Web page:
1. Lamar Alexander of Tennessee. There are two reasons Alexander might vote to impeach: because it fits his personality; and he’s not running for re-election. As National Journal’s Josh Kraushaar put it concisely, “Alexander, who began his career working for Sen. Howard Baker on the Senate Watergate Committee, is an institutionalist who has more freely criticized the president since his retirement announcement.”
2. Lisa Murkowski of Alaska. Murkowski has essentially said that she wants to see how this all develops, but one factor makes her a wild card: She doesn’t need the Republican Party. Anyone who can lose a Republican primary only to go on to win a write-in campaign, as Murkowski did in 2010, doesn’t need to worry about ruffling partisan feathers. Winston Churchill’s line about being shot at with no effect rings true. Murkowski is a free agent, and that is both exhilarating and liberating.
3. Mike Lee of Utah. Lee’s commitment to the Founding Fathers and the Constitution makes him a threat to Trump on principle. Lee also benefits from the fact that he hails from Utah, a state that is culturally less Trumpy than most red states. If Mitt Romney votes to impeach (and if he doesn’t this is probably all a moot point) that would provide Lee, who is up for re-election—if he chooses to run again—with additional cover.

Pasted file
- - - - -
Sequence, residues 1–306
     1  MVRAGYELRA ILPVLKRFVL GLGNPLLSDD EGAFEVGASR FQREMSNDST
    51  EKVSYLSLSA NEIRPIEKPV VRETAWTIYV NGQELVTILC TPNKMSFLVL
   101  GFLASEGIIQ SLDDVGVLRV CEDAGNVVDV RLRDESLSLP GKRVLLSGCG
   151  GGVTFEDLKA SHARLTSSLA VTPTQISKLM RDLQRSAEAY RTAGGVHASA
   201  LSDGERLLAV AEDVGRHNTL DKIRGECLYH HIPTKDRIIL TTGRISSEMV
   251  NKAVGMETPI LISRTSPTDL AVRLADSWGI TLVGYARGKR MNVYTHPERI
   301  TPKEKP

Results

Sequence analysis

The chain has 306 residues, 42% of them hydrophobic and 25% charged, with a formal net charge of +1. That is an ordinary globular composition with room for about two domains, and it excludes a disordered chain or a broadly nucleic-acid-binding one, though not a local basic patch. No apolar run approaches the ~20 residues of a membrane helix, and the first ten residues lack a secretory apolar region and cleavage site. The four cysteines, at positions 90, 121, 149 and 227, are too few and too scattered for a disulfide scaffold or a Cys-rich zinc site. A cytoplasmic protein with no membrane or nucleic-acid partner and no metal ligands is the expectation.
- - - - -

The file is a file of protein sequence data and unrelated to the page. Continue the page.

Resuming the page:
4. Jerry Moran of Kansas. He’s a moderate sort of guy. For now, Moran is critical of Nancy Pelosi’s “rush to judgment,” but things can change.
5. Rob Portman of Ohio. Like Moran, Portman is not currently for impeachment. Still, Portman has said, “The president should not have raised the Biden issue on that call, period. It’s not appropriate for a president to engage a foreign government in an investigation of a political opponent.” These are pretty strong words. Potrman has had a serious career, which includes serving as United States Trade Representative and Director of the Office of Management and Budget (OMB).
If this seems like a boring list, that’s not an accident. The 80/20 rule applies to the U.S. Senate, which is to say that 20 percent of the senators get 80 percent of the media attention (and vice versa). Lindsey Graham, for example, punches way above his weight. Someone like Chuck Grassley, although very powerful, doesn’t get nearly as much press attention, especially now that he’s handed the important Judiciary Committee off to Graham.